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helping with packages December 7 Chronological Bible Study

Timeline. Map. Go to today’s Bible reading: Romans 12:1- 15:7

Because of Grace

Someone opens the door for you. Some driver lets you in the flow of traffic ahead of him. Someone sees you carrying heavy packages and comes to your aid. Someone looks beyond your faults and foibles and accepts you. What would be your reaction to these scenarios? Would you thank the person who extended grace? Certainly you should, but don’t acts of grace also prompt us to respond with grace towards others? That is the proper response to the grace of God that was given to us.

In the Bible book of Romans we have learned that God is merciful and gracious to save all Jews and Gentiles (non-Jews) who realize their total depravity and sinfulness and turn to him in faith (Romans 1-3). He provides salvation from sin, justification, peace and spiritual life through Jesus Christ (Romans 4-7, more...). He adopts us as his children, and his Spirit comes to live within us (Romans 8). Because of the mercy and grace shown to us whom he chose to save (Romans 9-11), it begs the question, how shall we then live?

In Romans 12 the Apostle Paul instructs us Christians, in view of God's mercy and grace, to offer our bodies as living sacrifices of service for him (12:1). We are not to be conformed to this world but be transformed by the renewing of our minds (12:2). Our American culture and media often teach us that we deserve what we get, even grace. It teaches us to live with pride; after all we are entitled to whatever we receive. The Scriptures teach, however, that we should live in humility toward one another because of God’s grace. The Holy Spirit gives gifts to followers of Jesus Christ. That could cause some of us to act with pride. However, because of grace we must exercise our spiritual gifts with humility and love. We must love the brotherhood of believers and live in peace.

Because we now live by the law of grace under the lordship of Jesus Christ, do we still have to obey our government? Do we have to keep paying taxes? Yes to both questions. Romans 13 instructs us that

Everyone must submit himself to the governing authorities, for there is no authority except that which God has established. The authorities that exist have been established by God. Consequently, he who rebels against the authority is rebelling against what God has instituted, and those who do so will bring judgment on themselves, (13:1-2, NIV).

Therefore, we must obey civil laws, honor the governing authorities, and pay our taxes. One exception to obeying our governing authorities is regarding the sharing of the gospel of Jesus Christ; then we must obey God rather than men (Acts 5:28-29). A quiet godly life, not a dissentious life, is a life of grace. A life of grace does not permit us to act in whatever way we please. In fact, because of the grace shown to us, Paul exhorts us to make good use of our time and opportunities for God; don’t waste them with destructive living (Romans 13:11-14).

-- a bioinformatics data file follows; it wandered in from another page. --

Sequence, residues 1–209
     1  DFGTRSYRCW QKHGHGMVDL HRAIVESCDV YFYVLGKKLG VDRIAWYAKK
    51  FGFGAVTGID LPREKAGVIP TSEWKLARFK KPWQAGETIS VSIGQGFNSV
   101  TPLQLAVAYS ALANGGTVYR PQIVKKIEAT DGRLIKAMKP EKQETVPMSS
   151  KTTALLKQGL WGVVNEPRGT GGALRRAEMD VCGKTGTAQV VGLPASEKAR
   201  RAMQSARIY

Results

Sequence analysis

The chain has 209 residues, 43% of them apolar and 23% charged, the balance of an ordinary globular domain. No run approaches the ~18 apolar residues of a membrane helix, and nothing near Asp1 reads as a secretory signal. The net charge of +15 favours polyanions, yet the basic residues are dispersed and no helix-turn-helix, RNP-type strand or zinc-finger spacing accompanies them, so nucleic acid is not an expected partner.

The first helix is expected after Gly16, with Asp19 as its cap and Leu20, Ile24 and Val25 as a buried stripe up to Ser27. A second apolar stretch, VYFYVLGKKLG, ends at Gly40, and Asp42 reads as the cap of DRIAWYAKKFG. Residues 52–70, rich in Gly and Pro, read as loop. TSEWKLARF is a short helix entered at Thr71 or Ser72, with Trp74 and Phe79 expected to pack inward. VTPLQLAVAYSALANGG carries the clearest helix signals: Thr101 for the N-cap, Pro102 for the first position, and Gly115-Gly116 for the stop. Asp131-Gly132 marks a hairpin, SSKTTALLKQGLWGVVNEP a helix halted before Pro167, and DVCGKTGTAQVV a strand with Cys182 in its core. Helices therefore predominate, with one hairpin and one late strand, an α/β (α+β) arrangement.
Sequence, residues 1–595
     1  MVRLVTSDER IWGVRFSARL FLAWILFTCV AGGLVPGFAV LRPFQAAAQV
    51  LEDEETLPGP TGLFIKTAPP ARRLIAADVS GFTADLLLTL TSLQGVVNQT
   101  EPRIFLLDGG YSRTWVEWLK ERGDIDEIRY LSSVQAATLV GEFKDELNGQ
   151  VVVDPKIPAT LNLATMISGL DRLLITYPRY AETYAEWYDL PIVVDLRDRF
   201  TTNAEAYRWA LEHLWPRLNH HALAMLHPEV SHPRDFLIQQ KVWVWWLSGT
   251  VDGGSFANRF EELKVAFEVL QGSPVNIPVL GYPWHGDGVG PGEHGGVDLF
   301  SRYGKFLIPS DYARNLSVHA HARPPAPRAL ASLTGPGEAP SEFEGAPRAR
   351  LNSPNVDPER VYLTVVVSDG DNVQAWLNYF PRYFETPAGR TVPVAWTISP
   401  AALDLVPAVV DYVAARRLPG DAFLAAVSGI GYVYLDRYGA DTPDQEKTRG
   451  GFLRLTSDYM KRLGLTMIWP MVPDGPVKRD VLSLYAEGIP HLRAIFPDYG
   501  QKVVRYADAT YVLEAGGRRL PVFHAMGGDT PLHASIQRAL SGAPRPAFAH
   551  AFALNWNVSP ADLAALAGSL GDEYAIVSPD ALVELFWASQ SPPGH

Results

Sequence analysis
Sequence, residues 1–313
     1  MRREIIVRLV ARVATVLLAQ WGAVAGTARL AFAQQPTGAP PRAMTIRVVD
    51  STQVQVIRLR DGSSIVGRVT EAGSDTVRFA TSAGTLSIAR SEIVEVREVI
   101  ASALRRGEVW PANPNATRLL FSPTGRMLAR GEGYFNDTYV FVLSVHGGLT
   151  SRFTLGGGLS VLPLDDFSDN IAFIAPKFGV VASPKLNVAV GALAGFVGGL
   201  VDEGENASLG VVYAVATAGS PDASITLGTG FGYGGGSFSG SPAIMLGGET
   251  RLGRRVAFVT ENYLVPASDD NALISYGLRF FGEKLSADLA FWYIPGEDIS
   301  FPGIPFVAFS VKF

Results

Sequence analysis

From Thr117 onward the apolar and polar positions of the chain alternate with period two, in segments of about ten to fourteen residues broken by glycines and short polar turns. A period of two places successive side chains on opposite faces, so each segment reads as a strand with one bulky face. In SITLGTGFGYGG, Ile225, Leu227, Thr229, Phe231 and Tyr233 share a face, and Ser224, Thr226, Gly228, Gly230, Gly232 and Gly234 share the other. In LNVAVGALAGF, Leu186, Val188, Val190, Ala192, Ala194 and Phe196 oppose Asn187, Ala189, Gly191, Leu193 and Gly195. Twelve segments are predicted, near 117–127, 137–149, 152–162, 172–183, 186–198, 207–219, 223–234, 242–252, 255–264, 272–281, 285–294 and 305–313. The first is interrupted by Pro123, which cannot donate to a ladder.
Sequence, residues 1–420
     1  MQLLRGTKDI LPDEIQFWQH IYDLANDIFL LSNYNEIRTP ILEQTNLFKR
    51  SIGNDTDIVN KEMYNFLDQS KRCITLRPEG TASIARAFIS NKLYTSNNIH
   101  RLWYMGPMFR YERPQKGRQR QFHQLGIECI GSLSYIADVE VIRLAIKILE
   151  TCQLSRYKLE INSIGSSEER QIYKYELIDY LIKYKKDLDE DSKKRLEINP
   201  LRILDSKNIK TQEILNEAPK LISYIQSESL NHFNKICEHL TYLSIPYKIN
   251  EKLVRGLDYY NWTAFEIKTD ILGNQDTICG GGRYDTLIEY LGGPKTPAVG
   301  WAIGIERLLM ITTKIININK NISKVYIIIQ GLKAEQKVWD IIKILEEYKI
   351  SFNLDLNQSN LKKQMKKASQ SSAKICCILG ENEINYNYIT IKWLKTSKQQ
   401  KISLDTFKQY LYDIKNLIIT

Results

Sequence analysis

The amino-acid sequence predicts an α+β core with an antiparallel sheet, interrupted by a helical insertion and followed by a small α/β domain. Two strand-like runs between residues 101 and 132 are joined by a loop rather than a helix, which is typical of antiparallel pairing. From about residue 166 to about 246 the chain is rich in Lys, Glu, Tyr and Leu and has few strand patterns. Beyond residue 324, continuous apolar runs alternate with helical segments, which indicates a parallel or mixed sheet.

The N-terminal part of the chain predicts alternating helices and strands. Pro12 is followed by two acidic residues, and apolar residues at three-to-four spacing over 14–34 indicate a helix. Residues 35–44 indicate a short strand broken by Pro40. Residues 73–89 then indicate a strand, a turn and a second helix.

Because of grace we must also live in love and consideration of one another. There are mature Christians and immature Christians. In Paul’s day many Christians were saved out of idolatry. Meat was sold in the market place that had previously been offered to idols. The immature believers would not eat this meat (1Corinthians 8). Perhaps, because of this reason some became vegetarians. The mature believers, however, said that meat is meat; where it was last offered has no significance. It can be eaten with thanksgiving to God. The principle in Romans 14 and 1Corinthians 8 is that we should support the spiritually weak and not judge each other. Most of us do not face the same situation as the Christians in Rome, but the larger principle about questionable activities still applies to us. Romans 14:19 instructs us, “Let us therefore make every effort to do what leads to peace and to mutual edification,” (NIV). For more discussion on this topic, go back to the November 27 Bible study.

Lack of unity in the body of Christ, the church, can destroy it. Racism and pride divides us. The Roman church and other churches in the Middle-East faced this danger and so do churches today, wherever they might be located. Paul’s parting prayer was that, because of grace they would live in unity as they follow Jesus Christ, “so that with one heart and mouth you may glorify the God and Father of our Lord Jesus Christ,” (Romans 15:6, NIV). To both Jews and Gentiles (non-Jews) Paul leaves these instructions, “Accept one another, then, just as Christ accepted you, in order to bring praise to God,” (Romans 15:7, NIV). Let’s remember God’s grace to us and be gracious to others.

Lessons to live by:

  • In view of God's grace to us (more...), let’s offer our bodies as living sacrifices of service for him (Romans 12:1). Let's not be conformed to this world but be transformed by the renewing of our minds (Roman 12:2).
  • Exercise your spiritual gifts with love and humility.
  • We must obey civil laws, honor the governing authorities and pay our taxes. A quiet godly life, not a dissentious life, is a life of grace.
  • Because of the grace shown to us, we should live in love and consideration of one another. Be gracious.“Accept one another, then, just as Christ accepted you, in order to bring praise to God,” (Romans 15:7, NIV).

Today’s memory verse: Romans 14:19 “Let us therefore make every effort to do what leads to peace and to mutual edification.” (NIV)

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